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DEMOCRATS ‘DISGUST’ DETROITERS

Lon Johnson

Lon Johnson

By Zenobia Jeffries
The Michigan Citizen

DETROIT — Detroit Democrats say they are disenchanted with Michigan Democratic Party Chair Lon Johnson after a meeting last week. Johnson was in Detroit outlining a strategy for next year’s gubernatorial race, seeking African American support. However, Johnson has not articulated a relevant platform or collaborated with local leadership, some say.

Wayne County Commissioner Martha Scott who is also leader of the 13th Congressional District — the second largest congressional district in the state — says Johnson’s presentation was “disrespectful.” She asked at the meeting why he had not responded to any of her letters to him.

Scott questioned Johnson’s efforts to include Black leadership in state efforts.  “You have to treat people with respect if you want them to give you their all,” says Scott who believes it is necessary to work together. “Unless we get some state reps, senators that will help Detroit and surrounding areas, nothing will be any different than it is now.”

“I’ve been disenchanted with the party,” says Carolyn Brown who recently joined the party. “It has been silent about emergency management, the bankruptcy and issues affecting African American communities.”

Emergency management has disenfranchised almost half of the state’s Black population and is a violation of the Voting Rights Act, according to a lawsuit filed by the Detroit NAACP. Critics believe emergency management suppresses the vote, makes it impossible to develop new leadership and most importantly replaces elected officials with a dictatorial financial manager. The policy has almost unilaterally been applied to mostly African American local governments and the MDP has been silent on the issue.

“The majority of people haven’t been properly informed and don’t realize the gravity of the situation. MDP hasn’t done a good job to educate the populace and provide proper leadership as a group.  We’ve lost very serious ground. Detroit leadership is no longer democratic. They lost that. They need to be much more in tune with African Americans and properly inform and educate people across Michigan,” says Brown.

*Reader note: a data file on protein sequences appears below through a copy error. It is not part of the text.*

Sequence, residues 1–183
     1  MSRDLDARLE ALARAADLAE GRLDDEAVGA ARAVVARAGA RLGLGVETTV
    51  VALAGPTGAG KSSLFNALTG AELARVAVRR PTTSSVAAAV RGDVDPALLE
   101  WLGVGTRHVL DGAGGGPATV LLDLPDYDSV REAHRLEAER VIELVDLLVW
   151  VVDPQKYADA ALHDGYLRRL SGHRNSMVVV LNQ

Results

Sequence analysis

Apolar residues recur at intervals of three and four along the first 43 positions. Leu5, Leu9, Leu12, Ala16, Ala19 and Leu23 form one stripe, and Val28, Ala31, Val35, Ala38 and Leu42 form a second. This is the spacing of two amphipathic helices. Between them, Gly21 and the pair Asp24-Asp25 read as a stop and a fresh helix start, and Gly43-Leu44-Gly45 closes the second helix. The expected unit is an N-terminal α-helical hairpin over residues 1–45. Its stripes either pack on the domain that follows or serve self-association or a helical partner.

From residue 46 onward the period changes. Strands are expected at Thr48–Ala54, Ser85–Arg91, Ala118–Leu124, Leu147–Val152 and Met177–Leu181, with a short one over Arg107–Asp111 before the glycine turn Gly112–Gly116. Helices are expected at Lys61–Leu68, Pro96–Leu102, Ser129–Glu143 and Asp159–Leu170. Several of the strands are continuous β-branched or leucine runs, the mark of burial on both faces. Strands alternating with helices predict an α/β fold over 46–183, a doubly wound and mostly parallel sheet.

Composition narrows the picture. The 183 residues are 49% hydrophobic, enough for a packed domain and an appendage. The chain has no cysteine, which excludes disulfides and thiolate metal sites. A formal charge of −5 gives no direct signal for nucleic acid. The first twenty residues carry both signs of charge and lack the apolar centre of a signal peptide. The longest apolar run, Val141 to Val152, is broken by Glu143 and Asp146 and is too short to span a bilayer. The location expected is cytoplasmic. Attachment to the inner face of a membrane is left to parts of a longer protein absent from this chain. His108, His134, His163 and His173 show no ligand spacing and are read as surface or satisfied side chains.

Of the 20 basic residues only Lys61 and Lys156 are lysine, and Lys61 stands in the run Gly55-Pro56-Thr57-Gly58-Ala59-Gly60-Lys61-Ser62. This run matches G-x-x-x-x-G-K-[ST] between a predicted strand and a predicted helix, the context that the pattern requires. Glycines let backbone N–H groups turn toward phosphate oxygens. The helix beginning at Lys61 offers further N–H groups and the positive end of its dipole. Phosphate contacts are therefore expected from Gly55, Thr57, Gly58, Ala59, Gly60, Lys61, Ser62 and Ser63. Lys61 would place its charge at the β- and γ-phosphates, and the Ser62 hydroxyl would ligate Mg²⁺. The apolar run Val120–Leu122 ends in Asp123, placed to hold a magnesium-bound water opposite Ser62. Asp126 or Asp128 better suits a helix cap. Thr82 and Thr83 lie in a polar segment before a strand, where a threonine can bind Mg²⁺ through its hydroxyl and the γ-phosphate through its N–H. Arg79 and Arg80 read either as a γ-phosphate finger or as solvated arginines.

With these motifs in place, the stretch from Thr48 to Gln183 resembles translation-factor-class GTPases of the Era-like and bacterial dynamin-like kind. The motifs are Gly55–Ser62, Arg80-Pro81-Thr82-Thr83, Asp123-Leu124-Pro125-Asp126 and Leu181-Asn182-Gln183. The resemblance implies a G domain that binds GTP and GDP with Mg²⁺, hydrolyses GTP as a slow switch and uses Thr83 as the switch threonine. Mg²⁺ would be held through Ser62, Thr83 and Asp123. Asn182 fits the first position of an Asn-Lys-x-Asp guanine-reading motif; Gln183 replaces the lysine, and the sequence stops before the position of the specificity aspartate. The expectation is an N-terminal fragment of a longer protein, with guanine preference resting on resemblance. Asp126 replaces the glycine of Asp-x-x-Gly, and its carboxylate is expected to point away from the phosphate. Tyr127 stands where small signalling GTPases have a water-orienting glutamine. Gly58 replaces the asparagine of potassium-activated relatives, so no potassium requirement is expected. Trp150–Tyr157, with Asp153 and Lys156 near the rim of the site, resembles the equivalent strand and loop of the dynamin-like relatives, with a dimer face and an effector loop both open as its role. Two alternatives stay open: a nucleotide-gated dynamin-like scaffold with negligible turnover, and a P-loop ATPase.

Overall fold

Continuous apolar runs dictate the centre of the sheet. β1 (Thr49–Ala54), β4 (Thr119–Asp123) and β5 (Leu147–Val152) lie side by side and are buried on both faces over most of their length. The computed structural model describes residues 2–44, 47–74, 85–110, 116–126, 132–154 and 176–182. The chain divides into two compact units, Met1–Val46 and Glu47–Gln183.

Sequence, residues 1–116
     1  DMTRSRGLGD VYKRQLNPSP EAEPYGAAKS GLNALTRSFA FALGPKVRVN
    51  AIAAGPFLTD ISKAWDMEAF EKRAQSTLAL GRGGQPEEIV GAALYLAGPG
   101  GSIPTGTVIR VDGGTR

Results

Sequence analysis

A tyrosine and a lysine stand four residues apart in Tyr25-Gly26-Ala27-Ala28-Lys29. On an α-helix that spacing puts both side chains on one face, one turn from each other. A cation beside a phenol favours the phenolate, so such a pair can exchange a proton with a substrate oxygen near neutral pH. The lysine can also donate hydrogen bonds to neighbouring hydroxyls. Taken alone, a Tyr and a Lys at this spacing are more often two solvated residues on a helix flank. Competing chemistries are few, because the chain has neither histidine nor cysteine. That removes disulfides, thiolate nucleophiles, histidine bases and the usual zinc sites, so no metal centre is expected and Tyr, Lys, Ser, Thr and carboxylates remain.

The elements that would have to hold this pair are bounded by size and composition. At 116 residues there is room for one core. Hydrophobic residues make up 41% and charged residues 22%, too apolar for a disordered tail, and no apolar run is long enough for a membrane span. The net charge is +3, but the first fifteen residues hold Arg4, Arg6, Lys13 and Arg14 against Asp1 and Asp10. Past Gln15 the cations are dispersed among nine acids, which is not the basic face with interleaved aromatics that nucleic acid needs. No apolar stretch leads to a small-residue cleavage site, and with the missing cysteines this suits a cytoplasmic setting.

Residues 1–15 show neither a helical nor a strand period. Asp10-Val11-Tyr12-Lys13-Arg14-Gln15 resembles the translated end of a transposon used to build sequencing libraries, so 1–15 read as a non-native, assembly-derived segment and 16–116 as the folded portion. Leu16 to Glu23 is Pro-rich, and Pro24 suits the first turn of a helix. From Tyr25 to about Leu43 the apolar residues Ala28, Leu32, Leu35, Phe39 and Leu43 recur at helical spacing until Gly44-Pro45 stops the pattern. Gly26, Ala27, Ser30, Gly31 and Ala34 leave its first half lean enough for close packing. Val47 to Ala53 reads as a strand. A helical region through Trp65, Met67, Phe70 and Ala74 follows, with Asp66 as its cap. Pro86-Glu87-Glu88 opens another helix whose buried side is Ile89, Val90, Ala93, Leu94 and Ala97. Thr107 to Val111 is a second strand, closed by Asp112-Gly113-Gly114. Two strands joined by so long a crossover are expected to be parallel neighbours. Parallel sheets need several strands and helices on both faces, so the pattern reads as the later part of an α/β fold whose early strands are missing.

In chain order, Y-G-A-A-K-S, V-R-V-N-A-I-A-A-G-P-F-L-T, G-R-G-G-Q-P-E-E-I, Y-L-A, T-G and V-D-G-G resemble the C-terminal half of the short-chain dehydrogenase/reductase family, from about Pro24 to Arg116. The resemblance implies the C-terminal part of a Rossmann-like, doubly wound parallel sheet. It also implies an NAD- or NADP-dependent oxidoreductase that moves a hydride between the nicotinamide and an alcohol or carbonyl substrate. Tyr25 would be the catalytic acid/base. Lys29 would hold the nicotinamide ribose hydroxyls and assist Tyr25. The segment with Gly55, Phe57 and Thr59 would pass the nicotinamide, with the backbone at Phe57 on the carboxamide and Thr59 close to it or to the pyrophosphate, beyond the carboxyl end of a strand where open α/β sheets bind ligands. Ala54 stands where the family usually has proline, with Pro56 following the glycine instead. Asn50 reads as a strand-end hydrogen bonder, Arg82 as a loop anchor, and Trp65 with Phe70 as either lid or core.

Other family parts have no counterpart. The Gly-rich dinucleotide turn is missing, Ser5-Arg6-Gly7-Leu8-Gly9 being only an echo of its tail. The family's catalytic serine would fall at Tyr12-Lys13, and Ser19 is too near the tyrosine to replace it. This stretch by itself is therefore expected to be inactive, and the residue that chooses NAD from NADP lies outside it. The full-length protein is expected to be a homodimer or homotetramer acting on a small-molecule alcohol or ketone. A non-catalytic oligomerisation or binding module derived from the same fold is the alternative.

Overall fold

Local activist Valerie Glenn said she has seen Johnson’s plan “six times” and she believes he has failed to understand Detroit Democrats’ key concerns.

“Until I see something from him where he is actually going to give a definitive statement on bankruptcy, the water department, Belle Isle, Emergency Management, I don’t see the people of Detroit coming to his defense to get rid of Snyder,” says Glenn.

In a phone interview, Johnson told the Michigan Citizen Democrats have to turn out and vote. “When the people of Michigan vote, Democrats win; when they don’t vote, we don’t win.” The party chair responded to criticisms he has not sought input from Detroiters.

“I’ve conducted numerous African American and Detroit-specific meetings throughout the spring,” Johnson said.  “We had a good turnout and identified (their) concerns and took input about how to address those concerns.”

Johnson says the party leadership took some time off with Detroit events because of the mayoral and council races. He says now the races are over, they’re starting their operation to turn out the over 227,000 identified Democratic African American registered voters who did not vote in 2010.

Johnson went to Detroit Dems hoping to implement a program based on research showing the importance of Black turnout. In 2008 and 2012, nontraditional voters changed the outcome of the elections to ensure a win for President Barack Obama.

In 2013, Johnson ousted former chair Mark Brewer with the help of the UAW and traditional Detroit Democrats who were looking for a change in state party leadership. At the time, Johnson promised more Black leadership within the MDP and a Democratic office in the city among other priorities.

Many including Glenn and Brown believed Johnson represented a new beginning for the party but have been disappointed by recent moves including the selection of former U.S. House Rep. Mark Schauer of Battle Creek as the MDP choice for governor. Brown says she is unfamiliar with Schauer and disappointed the MDP did not seek out the Detroit perspective on a candidate for governor.  Glenn says the Schauer selection represents the same insider politics.

“He’s picked a person we don’t know anything about.  He has not asked anyone from Detroit if they’re interested in Shauer being our gubernatorial selection. It’s being controlled by the unions and leading up to us not winning this election at all,” says Glenn. “We’re going to end up with the same people in that coordinated office making $8-10,000 a month and won’t end up with anybody who’ll make sense for us as a community.”

Glenn also recalled how the MDP failed the grassroots when many believe they refused to offer significant institutional support to Lansing Mayor Virg Benero. In the primary, Benero beat Andy Dillon, who went on to work for the Snyder administration. Dillon was seen as the party favorite.  Scott says the same lack of party support holds for Black candidates. “When they put African Americans on a ticket, it doesn’t mean anything because they don’t give them the money to win,” says Scott.

 

 

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